King Mohammed VI's Speech: Move Towards Constitutional Reform and Democracy
Morocco has been a loyal member of the Arab League. However, it has often attempted to serve as intermediary on peace issues
The King’s Speech
In a televised speech on March 9, 2011, the King announced that "We have decided to undertake a comprehensive constitutional reform."
The speech was hailed by people flowing into the streets to express their joy, praise for the king, and their loyalty to him.
According to the announcement, the constitution of Morocco will be revised for the first time in fifteen years in order to achieve "comprehensive constitutional reform" aimed at improving democracy and the rule of law.
“By launching today the work of constitutional reform, we embark on a major phase in the process of consolidation of our model of democracy and development," the King added in his first national address since last month's protests across the nation.
The King announced that a committee has been set up to work on proposing constitutional revisions. These shall be completed by June, and the draft will then be submitted to a national referendum.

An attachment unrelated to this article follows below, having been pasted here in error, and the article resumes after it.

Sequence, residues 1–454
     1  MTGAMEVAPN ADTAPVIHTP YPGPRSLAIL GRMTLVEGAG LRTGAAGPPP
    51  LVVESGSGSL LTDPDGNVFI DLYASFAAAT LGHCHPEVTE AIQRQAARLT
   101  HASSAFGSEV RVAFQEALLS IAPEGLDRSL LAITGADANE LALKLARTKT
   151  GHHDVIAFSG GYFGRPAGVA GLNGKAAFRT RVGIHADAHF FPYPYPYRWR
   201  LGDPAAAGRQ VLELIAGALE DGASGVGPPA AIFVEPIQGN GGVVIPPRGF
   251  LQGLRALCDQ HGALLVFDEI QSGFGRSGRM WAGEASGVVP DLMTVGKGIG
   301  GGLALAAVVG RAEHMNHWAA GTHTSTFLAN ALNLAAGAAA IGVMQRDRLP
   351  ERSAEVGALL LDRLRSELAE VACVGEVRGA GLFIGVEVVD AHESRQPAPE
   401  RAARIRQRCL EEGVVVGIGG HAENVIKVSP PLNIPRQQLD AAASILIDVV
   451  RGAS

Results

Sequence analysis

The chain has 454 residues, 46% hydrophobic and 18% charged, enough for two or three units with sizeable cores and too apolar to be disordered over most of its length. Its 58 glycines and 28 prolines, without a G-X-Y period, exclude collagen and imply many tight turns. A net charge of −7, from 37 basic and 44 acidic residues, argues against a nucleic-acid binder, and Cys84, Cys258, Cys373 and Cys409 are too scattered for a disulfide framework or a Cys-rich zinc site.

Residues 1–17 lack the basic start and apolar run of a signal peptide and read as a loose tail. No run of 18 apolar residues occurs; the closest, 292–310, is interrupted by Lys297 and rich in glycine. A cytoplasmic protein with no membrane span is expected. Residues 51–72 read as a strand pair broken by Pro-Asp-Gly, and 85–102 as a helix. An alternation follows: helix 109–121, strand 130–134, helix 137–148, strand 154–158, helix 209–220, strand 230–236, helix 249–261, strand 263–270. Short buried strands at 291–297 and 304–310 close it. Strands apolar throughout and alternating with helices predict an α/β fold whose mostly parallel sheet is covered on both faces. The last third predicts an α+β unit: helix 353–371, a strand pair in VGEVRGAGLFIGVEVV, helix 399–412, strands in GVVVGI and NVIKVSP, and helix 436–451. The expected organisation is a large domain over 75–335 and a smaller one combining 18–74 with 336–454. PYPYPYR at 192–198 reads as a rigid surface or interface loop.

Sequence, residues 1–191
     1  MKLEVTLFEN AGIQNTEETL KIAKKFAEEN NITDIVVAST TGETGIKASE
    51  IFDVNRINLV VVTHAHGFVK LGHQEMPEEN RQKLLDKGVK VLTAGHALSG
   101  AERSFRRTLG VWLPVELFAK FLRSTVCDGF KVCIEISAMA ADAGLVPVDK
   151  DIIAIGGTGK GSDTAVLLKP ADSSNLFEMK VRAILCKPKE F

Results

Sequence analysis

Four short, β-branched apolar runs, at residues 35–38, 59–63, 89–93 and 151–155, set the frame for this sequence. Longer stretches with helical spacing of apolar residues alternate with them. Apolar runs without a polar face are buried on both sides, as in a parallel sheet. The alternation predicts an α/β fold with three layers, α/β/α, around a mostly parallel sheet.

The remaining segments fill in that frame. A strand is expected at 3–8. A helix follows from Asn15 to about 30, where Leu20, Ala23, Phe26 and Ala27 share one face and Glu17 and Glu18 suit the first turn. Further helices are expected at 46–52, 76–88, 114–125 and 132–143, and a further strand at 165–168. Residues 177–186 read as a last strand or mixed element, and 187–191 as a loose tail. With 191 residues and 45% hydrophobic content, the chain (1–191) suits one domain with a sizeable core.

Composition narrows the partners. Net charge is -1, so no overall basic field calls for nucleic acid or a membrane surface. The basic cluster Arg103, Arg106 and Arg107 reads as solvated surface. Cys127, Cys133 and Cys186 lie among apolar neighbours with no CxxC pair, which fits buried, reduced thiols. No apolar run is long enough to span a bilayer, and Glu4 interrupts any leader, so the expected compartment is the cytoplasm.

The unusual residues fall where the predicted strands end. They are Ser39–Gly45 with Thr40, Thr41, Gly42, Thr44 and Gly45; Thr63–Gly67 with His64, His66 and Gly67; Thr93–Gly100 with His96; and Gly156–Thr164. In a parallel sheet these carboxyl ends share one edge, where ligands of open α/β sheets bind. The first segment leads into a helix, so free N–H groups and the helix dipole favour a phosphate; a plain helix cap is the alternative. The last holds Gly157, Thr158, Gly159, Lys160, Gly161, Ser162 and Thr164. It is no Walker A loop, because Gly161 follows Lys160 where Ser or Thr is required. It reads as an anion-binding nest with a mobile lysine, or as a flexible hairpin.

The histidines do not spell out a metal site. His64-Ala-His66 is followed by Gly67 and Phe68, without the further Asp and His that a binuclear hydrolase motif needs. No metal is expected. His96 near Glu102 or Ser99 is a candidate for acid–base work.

The main features of the reform plan so far indicated are to expand “individual and collective rights,” an independent judiciary, a stronger role for the legislature and political parties, and devolution of more powers down to local governments.
Dancing in the streets
The King’s speech was received by Moroccans literally with dancing in the streets. Most political parties affirmed that the King had heard their concerns. Foreign sources, particularly the French, expressed praise for the leadership of the king in meeting democratic desires of the people. Of course, all look forward to exactly what changes will be recommended in June.